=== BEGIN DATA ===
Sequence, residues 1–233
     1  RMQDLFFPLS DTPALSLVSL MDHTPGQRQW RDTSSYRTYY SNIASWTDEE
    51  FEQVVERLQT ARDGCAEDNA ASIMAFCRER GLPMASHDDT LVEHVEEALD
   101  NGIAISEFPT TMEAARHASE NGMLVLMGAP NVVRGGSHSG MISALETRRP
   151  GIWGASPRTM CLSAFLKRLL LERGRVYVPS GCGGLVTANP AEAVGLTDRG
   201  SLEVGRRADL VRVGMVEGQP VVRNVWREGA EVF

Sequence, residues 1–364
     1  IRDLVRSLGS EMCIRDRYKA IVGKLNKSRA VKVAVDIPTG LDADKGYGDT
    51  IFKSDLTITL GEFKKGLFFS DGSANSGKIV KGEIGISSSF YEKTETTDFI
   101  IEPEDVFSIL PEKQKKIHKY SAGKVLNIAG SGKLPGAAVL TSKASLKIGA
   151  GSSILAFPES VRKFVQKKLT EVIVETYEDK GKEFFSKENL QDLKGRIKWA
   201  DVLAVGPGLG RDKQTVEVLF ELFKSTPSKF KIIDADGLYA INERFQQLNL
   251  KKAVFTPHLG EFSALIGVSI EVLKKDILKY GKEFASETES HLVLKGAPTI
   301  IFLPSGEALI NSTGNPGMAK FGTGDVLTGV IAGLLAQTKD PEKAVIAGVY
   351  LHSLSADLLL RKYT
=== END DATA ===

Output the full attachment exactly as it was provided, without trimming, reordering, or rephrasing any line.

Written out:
Sequence, residues 1–233
     1  RMQDLFFPLS DTPALSLVSL MDHTPGQRQW RDTSSYRTYY SNIASWTDEE
    51  FEQVVERLQT ARDGCAEDNA ASIMAFCRER GLPMASHDDT LVEHVEEALD
   101  NGIAISEFPT TMEAARHASE NGMLVLMGAP NVVRGGSHSG MISALETRRP
   151  GIWGASPRTM CLSAFLKRLL LERGRVYVPS GCGGLVTANP AEAVGLTDRG
   201  SLEVGRRADL VRVGMVEGQP VVRNVWREGA EVF

Sequence, residues 1–364
     1  IRDLVRSLGS EMCIRDRYKA IVGKLNKSRA VKVAVDIPTG LDADKGYGDT
    51  IFKSDLTITL GEFKKGLFFS DGSANSGKIV KGEIGISSSF YEKTETTDFI
   101  IEPEDVFSIL PEKQKKIHKY SAGKVLNIAG SGKLPGAAVL TSKASLKIGA
   151  GSSILAFPES VRKFVQKKLT EVIVETYEDK GKEFFSKENL QDLKGRIKWA
   201  DVLAVGPGLG RDKQTVEVLF ELFKSTPSKF KIIDADGLYA INERFQQLNL
   251  KKAVFTPHLG EFSALIGVSI EVLKKDILKY GKEFASETES HLVLKGAPTI
   301  IFLPSGEALI NSTGNPGMAK FGTGDVLTGV IAGLLAQTKD PEKAVIAGVY
   351  LHSLSADLLL RKYT